|THE finding of the bodies on January 12th of a widow and her
daughter in the gas-filled kitchen of their home, 10 Oaklands drive, Rathgar, and that of another daughter
in a bedroom hanging by the neck from a cot, was described at an inquest held by the City Coroner, Dr.
D. A. MacErlean, at the City Morgue, yesterday. The inquest was on Mrs. Deborah Ahern (35), Aileen (9),
and Dierdre (5). The jury returned a verdict that Mrs. died from asphyxia due to the inhalation of carbon
monoxide gas self administered; that Aileen died from a similar cause, the gas being administered by her
mother, and that Dierdre died from asphyxia due to hanging, enacted by her mother. In each verdict, the
jury found that the occurrences took place while the mother was of unsound mind.
Cornelius Buckley, a brother of Mrs. Ahern, gave evidence of identification, and said that he last saw her
alive on January 9th, when she visited his home. She was in good health, made no complaint and said
she would come to dinner on the following Sunday. She did not do so. Her husband, who had been an
architect, died in September, 1952. As far as he knew she was in a comfortable financial position. On
January 10th his maid phoned his sister and asked her was she coming for luncheon, and she said
that she might call. They phone[d] again on January 11th but received no reply.
Dr. George Donnald, who had attended Mrs. Ahern, described how she had called to him in December
and told him that she was feeling very much better. He advised her to cut down gradually a nerve tonic
which she had been taking. In January, when she visited him she said that she had no worries. She also
said that she was going to take up a small business. Generally her conversation gave him the impression
of a mother who wished to do everything for her children.
Mrs. N. Bruton, 12 Oaklands Drive, Rathgar, said that the two Ahern children attended a party at her house
on January 10th and later Mrs. Ahern called for them. She noticed nothing unusual about her. Mrs. Noreen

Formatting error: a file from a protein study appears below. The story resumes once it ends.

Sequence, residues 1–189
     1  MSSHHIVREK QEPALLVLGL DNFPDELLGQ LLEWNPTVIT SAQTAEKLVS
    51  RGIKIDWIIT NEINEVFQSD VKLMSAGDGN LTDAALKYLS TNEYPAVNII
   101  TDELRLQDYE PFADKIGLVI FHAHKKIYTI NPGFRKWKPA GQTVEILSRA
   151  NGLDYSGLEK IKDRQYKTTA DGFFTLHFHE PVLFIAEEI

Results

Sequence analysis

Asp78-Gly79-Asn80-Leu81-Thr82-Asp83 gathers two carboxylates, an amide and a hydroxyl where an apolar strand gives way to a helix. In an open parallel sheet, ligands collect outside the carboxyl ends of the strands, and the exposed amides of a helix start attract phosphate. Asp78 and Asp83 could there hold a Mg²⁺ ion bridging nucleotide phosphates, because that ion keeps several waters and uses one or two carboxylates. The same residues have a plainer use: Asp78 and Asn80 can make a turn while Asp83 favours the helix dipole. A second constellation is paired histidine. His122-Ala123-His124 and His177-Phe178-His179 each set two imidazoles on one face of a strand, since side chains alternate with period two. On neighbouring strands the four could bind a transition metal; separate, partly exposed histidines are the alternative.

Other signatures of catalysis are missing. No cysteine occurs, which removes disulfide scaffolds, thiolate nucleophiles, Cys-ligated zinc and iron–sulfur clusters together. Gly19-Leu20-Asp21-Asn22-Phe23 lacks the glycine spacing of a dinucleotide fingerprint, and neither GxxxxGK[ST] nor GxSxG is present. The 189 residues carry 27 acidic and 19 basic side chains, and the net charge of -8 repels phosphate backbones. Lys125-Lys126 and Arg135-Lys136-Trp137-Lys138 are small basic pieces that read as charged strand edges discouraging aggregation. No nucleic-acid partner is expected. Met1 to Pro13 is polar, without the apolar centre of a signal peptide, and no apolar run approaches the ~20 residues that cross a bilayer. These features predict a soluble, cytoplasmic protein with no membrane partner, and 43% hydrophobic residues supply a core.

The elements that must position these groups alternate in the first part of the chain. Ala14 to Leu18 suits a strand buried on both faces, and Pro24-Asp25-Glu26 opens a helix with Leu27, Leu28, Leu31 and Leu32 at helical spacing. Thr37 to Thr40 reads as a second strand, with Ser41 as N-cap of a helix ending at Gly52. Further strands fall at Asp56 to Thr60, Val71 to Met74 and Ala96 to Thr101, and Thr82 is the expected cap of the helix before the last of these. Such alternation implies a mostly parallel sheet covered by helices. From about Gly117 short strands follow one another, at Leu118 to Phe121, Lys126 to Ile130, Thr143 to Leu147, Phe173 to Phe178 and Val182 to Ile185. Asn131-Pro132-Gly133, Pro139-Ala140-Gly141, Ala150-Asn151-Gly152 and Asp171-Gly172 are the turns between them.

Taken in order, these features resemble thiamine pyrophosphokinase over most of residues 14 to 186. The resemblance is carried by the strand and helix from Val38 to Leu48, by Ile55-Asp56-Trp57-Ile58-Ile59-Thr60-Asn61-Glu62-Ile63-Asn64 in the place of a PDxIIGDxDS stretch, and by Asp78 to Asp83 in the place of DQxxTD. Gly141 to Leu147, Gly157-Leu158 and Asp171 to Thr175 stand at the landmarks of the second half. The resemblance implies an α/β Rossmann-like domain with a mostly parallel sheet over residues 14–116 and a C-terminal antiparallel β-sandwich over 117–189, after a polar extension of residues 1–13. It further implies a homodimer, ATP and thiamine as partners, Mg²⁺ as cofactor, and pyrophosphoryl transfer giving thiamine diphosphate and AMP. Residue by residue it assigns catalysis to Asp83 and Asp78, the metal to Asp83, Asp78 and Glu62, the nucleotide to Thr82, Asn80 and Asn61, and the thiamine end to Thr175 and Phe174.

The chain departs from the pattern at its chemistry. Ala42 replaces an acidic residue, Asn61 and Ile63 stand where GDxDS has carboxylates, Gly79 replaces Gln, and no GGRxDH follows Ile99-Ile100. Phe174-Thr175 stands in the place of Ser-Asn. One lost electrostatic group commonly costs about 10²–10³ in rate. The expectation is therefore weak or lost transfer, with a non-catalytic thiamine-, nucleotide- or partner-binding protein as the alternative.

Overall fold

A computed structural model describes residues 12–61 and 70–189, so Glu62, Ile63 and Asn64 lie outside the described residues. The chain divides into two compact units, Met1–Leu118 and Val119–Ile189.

O'Neill, 19 Oaklands Drive, said that on the occasion Mrs. Ahern's conversation was normal. Eric Meirs, who
lived next door to the dead woman, said that on January 12th his maid got the smell of gas and he came
from next door. His wife got no answer from the Ahern home and neither did he when he phoned.
Guard Edmund Flaherty, Rathmines, who was visiting in the locality and who went to the house said that
he noticed that one of the jets on the cooker was lighted and he saw bodies in front of the cooker. Upstairs
they found the body of Deirdre hanging from the cot. Guard J. Lane, Rathmines, gave evidence of finding
Deirdre hanging from the cot. John Tallon, Gas Company employee, gave evidence of testing the fittings
in the house for an escape of gas but found everything perfect.
Patricia Riordan, an employee of an auctioneering firm, said that about 10.30 a.m. on January 12th she
phoned Mrs. Ahern in connection with the sale of her house. The voice which answered the phone
seemed to be that of a young person, which she could not understand. The receiver was left down
for a while and then was taken up again. A young female voice answered her and told her that her
mammie was sick, and further added that everyone in the house was sick, and that her mammie
could not speak to Miss Riordan's employer. Gerard Kelly, a milk-roundsman, described how he had left two
milk bottles outside the door on the 12th, and that he when he called later to collect his account he got no
answer. One of the bottles had been taken at that time. Two Dublin Fire Brigade men, Mr. R. Gibson and
Mr. G. Lee, gave evidence of entering the house and finding the bodies. The latter said that all the gas-jets
on the cooker were turned on, and one of them was lighted. An electric fire in the kitchen was also lighted.
The Coroner, addressing the jury, said Mrs. Ahern might have had some private worried which she
had not disclosed to her friends, and which might have revived the distress which she suffered after her
husband's death. It would be a fair assumption that she was suffering from some severe emotional
strain which she was not able to stand up to, and, as a result of that, she decided upon this course of action.
They were entitled to assume that her action was not that of a normal person, that her mind was completely
unbalanced at the time, and completely irresponsible.